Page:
Snapshots from the rough edges

Shot over the course of four years on the Russell Heights housing estate in Cobh, Co Cork, Doug DuBois’s remarkable photographic…

Shot over the course of four years on the Russell Heights housing estate in Cobh, Co Cork, Doug DuBois’s remarkable photographic exhibition captures ‘all the fragile bravado of youth’

MICHIGAN-BORN Doug DuBois first came to Cobh on an artist’s residency at the Sirius Arts Centre in the summer of 2009, the same year his book All the Days and Nights was published. A remarkable work that cemented his reputation in fine art photography, the book draws on a series of photographs of his family that he’d been taking, in two lengthy stages, since 1984. It is, in fact, an ongoing project that continues to this day. Of course he did not know, when he began, that his father would come close to death after a fall and his mother would suffer a breakdown. The tangled aftermath of these life-changing episodes, and all the closeness and distance of family life, its tensions and strangeness, are vividly conveyed in images of startling vitality.

In Cobh, however, DuBois initially found himself stymied. He’d thought that he might work with a community group of some kind in the town, and found himself organising a workshop with a number of young people who were interested in photography.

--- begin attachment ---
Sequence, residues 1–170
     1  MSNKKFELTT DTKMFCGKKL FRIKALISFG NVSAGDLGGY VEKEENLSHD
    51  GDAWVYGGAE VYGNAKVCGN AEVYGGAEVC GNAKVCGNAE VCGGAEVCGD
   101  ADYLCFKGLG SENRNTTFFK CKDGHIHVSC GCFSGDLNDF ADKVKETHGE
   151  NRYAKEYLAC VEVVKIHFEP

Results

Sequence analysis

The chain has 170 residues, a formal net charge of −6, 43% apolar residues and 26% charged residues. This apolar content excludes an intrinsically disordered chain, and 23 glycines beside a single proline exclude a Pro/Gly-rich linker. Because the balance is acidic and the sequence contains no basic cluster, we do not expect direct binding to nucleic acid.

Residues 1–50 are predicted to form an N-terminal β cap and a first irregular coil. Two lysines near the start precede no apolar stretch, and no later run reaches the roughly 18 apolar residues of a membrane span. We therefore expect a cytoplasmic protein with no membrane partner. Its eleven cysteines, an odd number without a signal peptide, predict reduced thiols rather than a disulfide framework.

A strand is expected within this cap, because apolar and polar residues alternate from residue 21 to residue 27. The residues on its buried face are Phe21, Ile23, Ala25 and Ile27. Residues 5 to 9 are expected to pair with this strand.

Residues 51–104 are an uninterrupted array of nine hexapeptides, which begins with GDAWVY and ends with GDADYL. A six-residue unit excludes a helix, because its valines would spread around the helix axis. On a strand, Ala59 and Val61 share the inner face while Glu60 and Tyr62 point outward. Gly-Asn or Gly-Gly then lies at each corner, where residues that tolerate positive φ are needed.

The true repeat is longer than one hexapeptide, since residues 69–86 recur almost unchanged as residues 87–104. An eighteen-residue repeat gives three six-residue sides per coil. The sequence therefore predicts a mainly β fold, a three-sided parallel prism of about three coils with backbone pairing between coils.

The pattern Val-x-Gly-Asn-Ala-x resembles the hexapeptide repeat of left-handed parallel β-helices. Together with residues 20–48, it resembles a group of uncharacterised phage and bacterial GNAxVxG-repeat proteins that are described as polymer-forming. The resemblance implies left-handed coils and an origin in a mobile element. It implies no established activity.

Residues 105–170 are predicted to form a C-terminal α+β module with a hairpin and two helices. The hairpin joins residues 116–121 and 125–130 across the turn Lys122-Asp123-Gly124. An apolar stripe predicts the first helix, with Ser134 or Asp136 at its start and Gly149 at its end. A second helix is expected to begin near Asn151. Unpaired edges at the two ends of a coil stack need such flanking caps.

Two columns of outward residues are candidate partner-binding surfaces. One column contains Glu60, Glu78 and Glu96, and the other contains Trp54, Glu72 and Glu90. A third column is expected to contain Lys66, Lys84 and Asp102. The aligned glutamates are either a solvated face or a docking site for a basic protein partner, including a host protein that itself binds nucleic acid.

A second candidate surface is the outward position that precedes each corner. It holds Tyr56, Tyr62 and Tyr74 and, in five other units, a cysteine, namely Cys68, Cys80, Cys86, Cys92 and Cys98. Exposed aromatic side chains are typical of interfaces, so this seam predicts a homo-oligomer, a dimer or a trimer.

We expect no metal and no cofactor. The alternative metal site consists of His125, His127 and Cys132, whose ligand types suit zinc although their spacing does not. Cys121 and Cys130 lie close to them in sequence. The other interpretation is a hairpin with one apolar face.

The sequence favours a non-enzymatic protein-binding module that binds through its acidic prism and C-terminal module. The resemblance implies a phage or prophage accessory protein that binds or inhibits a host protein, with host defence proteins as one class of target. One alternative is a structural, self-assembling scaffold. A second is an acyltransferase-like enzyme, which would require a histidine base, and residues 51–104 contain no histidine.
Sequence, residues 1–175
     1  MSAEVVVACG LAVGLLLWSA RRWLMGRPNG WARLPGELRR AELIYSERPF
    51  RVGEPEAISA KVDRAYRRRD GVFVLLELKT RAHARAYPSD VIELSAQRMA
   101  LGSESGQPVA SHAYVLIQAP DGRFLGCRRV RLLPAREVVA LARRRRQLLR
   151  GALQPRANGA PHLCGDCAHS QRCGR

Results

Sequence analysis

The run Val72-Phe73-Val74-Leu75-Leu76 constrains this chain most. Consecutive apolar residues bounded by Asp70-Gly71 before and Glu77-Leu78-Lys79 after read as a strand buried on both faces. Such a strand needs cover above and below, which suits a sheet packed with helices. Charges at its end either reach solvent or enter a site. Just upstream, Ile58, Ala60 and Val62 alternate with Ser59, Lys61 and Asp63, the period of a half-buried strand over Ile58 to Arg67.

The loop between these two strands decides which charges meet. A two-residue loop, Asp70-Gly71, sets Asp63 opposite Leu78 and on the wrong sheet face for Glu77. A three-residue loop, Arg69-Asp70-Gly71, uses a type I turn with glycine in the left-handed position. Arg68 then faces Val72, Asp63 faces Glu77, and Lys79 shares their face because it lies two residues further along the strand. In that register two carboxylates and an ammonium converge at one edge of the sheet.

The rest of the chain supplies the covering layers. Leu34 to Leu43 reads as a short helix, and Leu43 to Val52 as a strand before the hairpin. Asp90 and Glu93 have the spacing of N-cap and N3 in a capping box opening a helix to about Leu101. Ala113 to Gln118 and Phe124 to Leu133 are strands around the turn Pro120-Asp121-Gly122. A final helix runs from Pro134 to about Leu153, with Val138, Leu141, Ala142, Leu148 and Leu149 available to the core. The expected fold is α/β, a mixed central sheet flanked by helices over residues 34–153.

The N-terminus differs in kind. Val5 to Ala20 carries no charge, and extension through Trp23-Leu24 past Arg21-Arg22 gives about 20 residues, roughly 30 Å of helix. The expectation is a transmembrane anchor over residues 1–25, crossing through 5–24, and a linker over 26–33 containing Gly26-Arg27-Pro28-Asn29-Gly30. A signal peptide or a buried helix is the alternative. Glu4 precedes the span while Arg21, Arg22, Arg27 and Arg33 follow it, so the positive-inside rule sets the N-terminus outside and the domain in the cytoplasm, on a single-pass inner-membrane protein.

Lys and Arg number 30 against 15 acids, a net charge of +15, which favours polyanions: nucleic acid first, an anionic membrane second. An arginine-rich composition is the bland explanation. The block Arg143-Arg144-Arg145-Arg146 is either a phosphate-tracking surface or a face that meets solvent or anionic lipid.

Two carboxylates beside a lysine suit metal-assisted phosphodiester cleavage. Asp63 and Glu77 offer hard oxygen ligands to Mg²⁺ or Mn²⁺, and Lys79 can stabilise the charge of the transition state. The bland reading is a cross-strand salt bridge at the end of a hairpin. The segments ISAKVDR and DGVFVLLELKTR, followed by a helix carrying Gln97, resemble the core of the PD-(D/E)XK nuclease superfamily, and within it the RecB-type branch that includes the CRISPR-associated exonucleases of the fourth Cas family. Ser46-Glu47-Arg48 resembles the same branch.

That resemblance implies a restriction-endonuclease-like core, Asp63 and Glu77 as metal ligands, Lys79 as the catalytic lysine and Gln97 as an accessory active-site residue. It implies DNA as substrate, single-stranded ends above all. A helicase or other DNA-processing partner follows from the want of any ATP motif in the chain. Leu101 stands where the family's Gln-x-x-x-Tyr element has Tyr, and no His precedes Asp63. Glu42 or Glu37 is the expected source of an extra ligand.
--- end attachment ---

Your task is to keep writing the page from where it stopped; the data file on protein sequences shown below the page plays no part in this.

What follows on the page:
Struck by the number of unfinished, abandoned building projects throughout the area, he had the idea of making portraits of contractors at the last site they’d worked on. The project was a non-runner in every way, he recounts. The contractors he contacted were traumatised and reluctant; the owners of the sites were antagonistic and suspicious; no one would touch it.


Then one evening, two participants in the the workshop, Kevin and Eirn, took him to where a group of local teenagers hang out. It was, he recalls, a bit unsettling, even a little intimidating, but he was lugging his camera gear and he decided to try to take a photograph. He set up a close-up portrait shot of one of them, getting just a single exposure before the atmosphere abruptly soured and Kevin said they should leave, immediately.

DuBois liked the one picture he’d managed so precariously to get, however. In the photograph, he said, he saw “all the fragile bravado of youth”. And from that shaky beginning grew My Last Day at Seventeen, a project that has drawn him back to Cobh every summer as the original residency extended into four years. He had a new subject: a small section of a generation of young people coming of age amid the wreckage of the economic collapse. The teenagers he’d encountered came from Russell Heights housing estate on Great Island and, little by little, he built up familiarity and trust with them.

The substantial body of work he’s built up is based on visiting and revisiting their lives. We see them in a series of brilliant close-up portraits, and as individuals, pairs and groups in the midst of the absolutely ordinary and everyday. Over the four-year period, people come and go, relationships form and dissolve, babies are born. Wider families are there, but largely in the background. There is no attempt to frame a chronological narrative, yet there is a cumulative narrative texture to the work that has to do with its interconnectedness and the density and richness of the images.